Gary J. Bassell Ph.D.
Department of Cell Biology
Department of Neurology
Emory University School of Medicine
Dr. Gary Bassell is a Professor in the Departments of Cell Biology and Neurology at Emory University School of Medicine in Atlanta. Before moving to Emory in 2005, Dr. Bassell served on the faculty at the Albert Einstein College of Medicine for ten years, where his lab was first established in the Department of Anatomy and Structural Biology (1995-1998) and subsequently relocated to the Department of Neuroscience and Rose F. Kennedy Center (1998-2005). Gary received his Ph.D. degree in Cell Biology from the University of Massachusetts Medical School working in the laboratory of Dr. Robert Singer, who is the current chair of Anatomy at Einstein. Gary went on to do a postdoctoral fellowship in Dr. Kenneth Kosik’s lab at the Center for Neurological Diseases of Brigham and Women’s Hospital and Harvard Medical School. Gary has been a recipient of several awards that include the Basal O’Connor Scholar Award from the March of Dimes Birth Defects Foundation, the Irma Hirschl Career Scientist Award, the Dana Foundation Award in Brain Imaging, Autism Speaks Trailblazer Award and a NARSAD Distinguished Investigator Award. His laboratory has been studying the mechanisms of mRNA transport and local protein synthesis in neurons, and dysfunction of mRNA regulation in fragile x syndrome and other neurologic diseases. More recently, his laboratory has been pursuing development of therapeutic strategies to correct for impairments in mRNA translation and protein synthesis in mouse models of disease and human patient cells.
Q: What was your experience here in the Kennedy Center like as a faculty member?
A: I have really fond memories of my experience at the Kennedy Center. I was welcomed and supported by a collegial group of faculty who consistently provided intellectual guidance, technical support, research collaboration and mentorship. The foundation of my lab’s current major interests in fragile x syndrome is deeply rooted in early ideas and experiments that began at the Kennedy Center.
Q: Are there one or two faculty and other individuals who were/are in the Kennedy Center who really stood out in their influence over your career?
A: I have tremendous gratitude to the faculty leadership at the Kennedy Center and Department of Neuroscience that supported my relocation/recruitment in 1998, namely Dean Purpura, Jack Kessler and Joseph Arezzo. To name two faculty who really stood out, our success would not have been possible without the sustained support, mentorship and guidance provided by Don Faber, who became chair of neuroscience. Notably, we would not be working on fragile x syndrome if it were not for the guidance and mentorship of Dr. Steven Walkley, who is now Director of the Kennedy Center/IDDRC. In 1998, shortly before my move to Kennedy, Steve invited me to attend a small conference at the NIH, sponsored by NICHD, on Dendritic Mechanisms in Intellectual and Developmental Disabilities. Dean Purpura gave an inspiring plenary introduction on the history and rationale for the study of dendritic dysfunction. I had a chance to meet leading neuroscientists with interests in this field and started thinking about ideas for possible experiments. Steve was instrumental in encouraging us to perform the first pilot experiment on the Fragile X Mental Retardation protein, FMRP, which was done by Laura Antar, a most talented MD/PhD student, whose impressive dissertation led to our first publication. The intellectual and collegial interactions with Laura, other students and postdocs, as well as collaborators, all played huge roles in shaping the growth and direction of the lab. Outside of Kennedy, Dr. Rob Singer has played a huge role in my career growth. I have had the great fortune of being his student and colleague. I am indebted for his support, guidance and mentorship.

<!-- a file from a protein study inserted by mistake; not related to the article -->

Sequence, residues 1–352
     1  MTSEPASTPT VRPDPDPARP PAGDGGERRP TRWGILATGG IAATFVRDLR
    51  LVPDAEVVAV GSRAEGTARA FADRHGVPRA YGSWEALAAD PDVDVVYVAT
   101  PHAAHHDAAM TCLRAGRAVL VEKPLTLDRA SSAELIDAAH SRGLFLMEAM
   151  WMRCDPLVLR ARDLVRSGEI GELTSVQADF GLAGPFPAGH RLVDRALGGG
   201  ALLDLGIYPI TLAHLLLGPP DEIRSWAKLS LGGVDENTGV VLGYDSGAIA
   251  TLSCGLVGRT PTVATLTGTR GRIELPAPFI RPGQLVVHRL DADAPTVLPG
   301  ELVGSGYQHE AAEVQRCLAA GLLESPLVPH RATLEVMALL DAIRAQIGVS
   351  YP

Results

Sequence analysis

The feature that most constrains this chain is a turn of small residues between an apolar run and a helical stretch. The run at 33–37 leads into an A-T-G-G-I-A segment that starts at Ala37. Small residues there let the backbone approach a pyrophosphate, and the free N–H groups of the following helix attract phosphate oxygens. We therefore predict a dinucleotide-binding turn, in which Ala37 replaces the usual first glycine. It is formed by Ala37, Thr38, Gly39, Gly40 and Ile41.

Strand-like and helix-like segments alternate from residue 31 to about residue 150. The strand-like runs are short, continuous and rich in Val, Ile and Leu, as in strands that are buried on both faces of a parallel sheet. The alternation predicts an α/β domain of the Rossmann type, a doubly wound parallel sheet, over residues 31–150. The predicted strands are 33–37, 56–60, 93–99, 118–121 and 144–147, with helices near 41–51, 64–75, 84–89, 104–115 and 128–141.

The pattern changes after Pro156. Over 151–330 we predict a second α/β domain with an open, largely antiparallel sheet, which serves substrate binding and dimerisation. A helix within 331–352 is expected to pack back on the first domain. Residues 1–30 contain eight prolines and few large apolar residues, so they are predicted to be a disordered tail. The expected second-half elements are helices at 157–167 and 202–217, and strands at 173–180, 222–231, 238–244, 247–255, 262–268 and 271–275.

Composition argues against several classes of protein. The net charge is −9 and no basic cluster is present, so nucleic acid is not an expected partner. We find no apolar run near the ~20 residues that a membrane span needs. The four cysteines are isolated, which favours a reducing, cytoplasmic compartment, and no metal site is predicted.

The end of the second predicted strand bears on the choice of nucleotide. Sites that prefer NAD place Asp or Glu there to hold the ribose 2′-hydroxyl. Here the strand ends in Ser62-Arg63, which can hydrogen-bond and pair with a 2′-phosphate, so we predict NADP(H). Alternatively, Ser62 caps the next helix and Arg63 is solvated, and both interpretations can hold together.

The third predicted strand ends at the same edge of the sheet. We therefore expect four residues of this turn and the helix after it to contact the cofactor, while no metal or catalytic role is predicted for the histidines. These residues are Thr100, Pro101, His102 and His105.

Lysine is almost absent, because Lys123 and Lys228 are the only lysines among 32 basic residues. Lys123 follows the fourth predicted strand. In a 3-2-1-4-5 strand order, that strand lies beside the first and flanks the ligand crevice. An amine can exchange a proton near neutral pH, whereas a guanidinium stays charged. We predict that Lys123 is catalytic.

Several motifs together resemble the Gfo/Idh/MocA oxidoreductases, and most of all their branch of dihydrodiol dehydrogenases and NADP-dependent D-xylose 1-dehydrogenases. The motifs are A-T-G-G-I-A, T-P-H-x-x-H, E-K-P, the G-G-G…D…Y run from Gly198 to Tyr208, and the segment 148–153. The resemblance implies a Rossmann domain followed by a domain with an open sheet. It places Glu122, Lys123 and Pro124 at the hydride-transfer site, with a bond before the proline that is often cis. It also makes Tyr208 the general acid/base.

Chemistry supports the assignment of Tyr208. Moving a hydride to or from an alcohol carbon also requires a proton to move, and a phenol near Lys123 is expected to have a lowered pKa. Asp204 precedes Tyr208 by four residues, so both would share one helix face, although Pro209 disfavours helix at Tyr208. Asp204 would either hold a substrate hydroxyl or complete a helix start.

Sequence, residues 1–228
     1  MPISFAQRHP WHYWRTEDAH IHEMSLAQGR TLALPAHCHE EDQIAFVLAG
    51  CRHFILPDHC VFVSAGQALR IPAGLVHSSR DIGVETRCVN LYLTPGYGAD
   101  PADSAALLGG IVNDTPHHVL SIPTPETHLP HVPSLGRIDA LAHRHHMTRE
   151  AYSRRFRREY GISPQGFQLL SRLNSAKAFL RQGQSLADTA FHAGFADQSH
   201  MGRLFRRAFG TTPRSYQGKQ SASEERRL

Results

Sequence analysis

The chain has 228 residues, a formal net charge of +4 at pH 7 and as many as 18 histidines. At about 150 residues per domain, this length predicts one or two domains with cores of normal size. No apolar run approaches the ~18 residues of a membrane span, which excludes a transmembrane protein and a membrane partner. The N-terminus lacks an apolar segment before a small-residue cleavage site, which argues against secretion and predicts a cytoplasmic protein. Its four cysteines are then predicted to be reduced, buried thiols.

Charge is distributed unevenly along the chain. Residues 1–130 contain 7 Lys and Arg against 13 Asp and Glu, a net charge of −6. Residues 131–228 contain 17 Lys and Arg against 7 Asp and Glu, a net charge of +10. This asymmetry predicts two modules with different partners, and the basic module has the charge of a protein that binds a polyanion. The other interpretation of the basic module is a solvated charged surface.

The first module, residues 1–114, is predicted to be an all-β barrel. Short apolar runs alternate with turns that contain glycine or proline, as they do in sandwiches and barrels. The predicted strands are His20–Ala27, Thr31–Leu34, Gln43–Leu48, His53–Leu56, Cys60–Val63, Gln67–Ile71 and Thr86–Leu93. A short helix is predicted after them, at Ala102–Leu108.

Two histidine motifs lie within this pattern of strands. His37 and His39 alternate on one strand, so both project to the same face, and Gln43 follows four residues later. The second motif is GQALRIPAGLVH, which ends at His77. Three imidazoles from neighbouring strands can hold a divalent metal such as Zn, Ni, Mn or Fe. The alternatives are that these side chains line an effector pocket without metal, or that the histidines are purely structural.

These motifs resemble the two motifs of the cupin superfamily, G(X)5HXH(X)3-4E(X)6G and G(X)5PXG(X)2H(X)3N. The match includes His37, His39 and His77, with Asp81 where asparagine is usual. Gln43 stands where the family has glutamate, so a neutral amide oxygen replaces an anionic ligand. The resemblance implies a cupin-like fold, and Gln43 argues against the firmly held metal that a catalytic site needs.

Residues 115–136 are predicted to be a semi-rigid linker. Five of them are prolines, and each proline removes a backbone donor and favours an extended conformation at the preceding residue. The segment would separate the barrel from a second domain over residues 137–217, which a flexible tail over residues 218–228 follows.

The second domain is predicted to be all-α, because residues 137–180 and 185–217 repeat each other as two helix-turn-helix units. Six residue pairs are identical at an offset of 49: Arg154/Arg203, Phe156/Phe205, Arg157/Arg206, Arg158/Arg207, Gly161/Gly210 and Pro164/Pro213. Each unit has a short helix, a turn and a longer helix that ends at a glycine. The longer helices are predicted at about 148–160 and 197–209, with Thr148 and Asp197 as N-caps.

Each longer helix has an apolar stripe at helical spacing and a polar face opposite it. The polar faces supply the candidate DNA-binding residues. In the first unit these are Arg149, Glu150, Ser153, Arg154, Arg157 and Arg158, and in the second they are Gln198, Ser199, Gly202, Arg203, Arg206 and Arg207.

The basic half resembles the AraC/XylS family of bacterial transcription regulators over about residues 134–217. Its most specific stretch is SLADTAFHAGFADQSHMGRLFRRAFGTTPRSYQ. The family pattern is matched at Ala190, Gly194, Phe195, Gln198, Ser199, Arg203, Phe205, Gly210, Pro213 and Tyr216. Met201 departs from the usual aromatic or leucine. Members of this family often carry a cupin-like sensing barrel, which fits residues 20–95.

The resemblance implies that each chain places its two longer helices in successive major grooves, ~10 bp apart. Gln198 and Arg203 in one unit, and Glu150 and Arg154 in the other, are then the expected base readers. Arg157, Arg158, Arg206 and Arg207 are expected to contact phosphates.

Q: Were there components of the Kennedy Center program or environment that had particular influence on your career path?
A: The NICHD MRDDRC (now IDDRC) provided state of the art core facilities that greatly benefited our research. I was fortunate for the opportunity to play a supportive role as director of an image analysis core. The tremendous breadth of research interests in the Department of Neuroscience, particularly in the area of synaptic mechanisms and plasticity, helped to shape the ideas and direction of our lab. Also, the interface of the department with the center provided a unique environment and infrastructure. I had great faculty colleagues, and benefited from productive collaborations and intellectual interactions in a collegial environment.
Q: What influenced you the most in terms of staying connected to the intellectual and developmental disabilities field?
A: I left Einstein with mixed feelings, as I was truly very happy and our lab was on a growth trajectory. As I mentioned above, the foundation of our lab’s ideas and goals were developed through the supportive environment at Kennedy, which facilitated my career path in this field. As motivating as the science has been, I have been deeply influenced by relationships and interactions with families and affected individuals.
Q: From all your experiences here at Einstein and the Kennedy Center, what do you think was the greatest influence/contribution toward your current position and career?
A: It's a combination of people and the environment. The greatest influences on anyone’s career are the people to interact with and formulate ideas together, but one needs a supportive environment, resources and infrastructure to make scientific progress. As said, I have been so fortunate to have great mentors, colleagues and trainees, while at Einstein and Kennedy, which shaped my current position and direction of my lab at Emory.